Which young families are eligible for state assistance?

The president last week signed a decree which aims to help families with many children repay commercial mortgage loans.

Under the decree, families are expected to apply for compensation with the local executive committees. But, district officials say they have not seen the decree yet and decline a comment. While district bureaucrats are waiting for the document, the European Radio for Belarus explores who can count on the financial assistance from the state.

It is unclear which loans can be described as non-commercial. Is the loan with the interest rate of 14 percent p.a. for 15 years non-commercial? This loan is issued to the families which need to improve their living conditions and is cheaper than commercial consumption loans. If we regard this loan as a preferential one, very few families are covered by this decree.

Belarusbank has assured us that preferential loans are those with the interest rate of 3-5 percent p.a. to be repaid within 20 years.

“Under the president’s decree, a preferential loan is the one with the rate of 3-5 percent. If you received a different loan and meet other criteria, you are covered by this decree”.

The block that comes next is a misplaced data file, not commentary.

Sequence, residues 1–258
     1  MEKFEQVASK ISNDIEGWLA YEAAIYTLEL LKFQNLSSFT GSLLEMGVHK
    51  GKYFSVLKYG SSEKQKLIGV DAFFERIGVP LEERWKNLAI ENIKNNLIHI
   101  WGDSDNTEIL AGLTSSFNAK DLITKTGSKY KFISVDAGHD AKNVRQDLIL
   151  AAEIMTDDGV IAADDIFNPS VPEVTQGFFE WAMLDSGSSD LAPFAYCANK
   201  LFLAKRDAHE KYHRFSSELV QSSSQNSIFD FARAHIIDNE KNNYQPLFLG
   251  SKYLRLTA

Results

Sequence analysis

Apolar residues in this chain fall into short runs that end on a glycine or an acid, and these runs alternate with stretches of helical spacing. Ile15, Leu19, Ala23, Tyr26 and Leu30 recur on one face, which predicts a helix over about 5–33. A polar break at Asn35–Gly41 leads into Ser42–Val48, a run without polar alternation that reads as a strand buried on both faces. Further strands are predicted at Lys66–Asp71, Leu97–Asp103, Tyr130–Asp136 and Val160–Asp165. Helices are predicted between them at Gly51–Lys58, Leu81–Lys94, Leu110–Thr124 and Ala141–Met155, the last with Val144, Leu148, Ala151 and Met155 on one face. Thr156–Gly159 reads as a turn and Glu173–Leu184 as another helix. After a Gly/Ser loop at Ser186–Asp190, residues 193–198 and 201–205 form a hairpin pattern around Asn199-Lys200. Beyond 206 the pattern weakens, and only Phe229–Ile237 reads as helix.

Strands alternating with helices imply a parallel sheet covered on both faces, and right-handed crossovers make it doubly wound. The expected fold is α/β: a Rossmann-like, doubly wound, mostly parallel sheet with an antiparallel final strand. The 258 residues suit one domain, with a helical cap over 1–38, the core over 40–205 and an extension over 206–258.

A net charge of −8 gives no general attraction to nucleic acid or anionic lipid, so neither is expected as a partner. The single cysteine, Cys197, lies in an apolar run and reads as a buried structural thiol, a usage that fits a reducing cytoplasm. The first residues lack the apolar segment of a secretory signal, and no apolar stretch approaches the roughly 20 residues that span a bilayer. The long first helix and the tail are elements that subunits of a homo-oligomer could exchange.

According to a Belarusbank’s specialist, even those families who were issued loans at 14 percent p.a. for 15 years could receive compensation, regardless that it was issued because they needed to improve their living conditions.

“It doesn’t matter…This benefit is provided by the bank not the state,” Belarusbank said and advised to approach district committees for compensations.

Maryana Yeutushenkava, the chief specialist at the housing department of the Ministry of Construction and Architecture, says that over 20,000 families can count on this compensation.

According to our estimates, there are at least 20,000 families. There were, are and will be, and we hope that they will improve their living conditions. The state will support them”.

However, you should not dash to the district committees yet. They advise to come in one or two weeks after they have studied the decree. The staff at the district committee in Slutsk complained that they did not see the decree and did not know what was written there.

“We keep responding for the whole day that we have no formal orders that it will be us dealing with this issue. We, too, are familiar only with the information published in the press. We even don’t know what is written in the document. We don’t have a copy of the decree. Nobody has explained anything to us”.

The European Radio for Belarus has received similar answers in numerous district administrations in Minsk.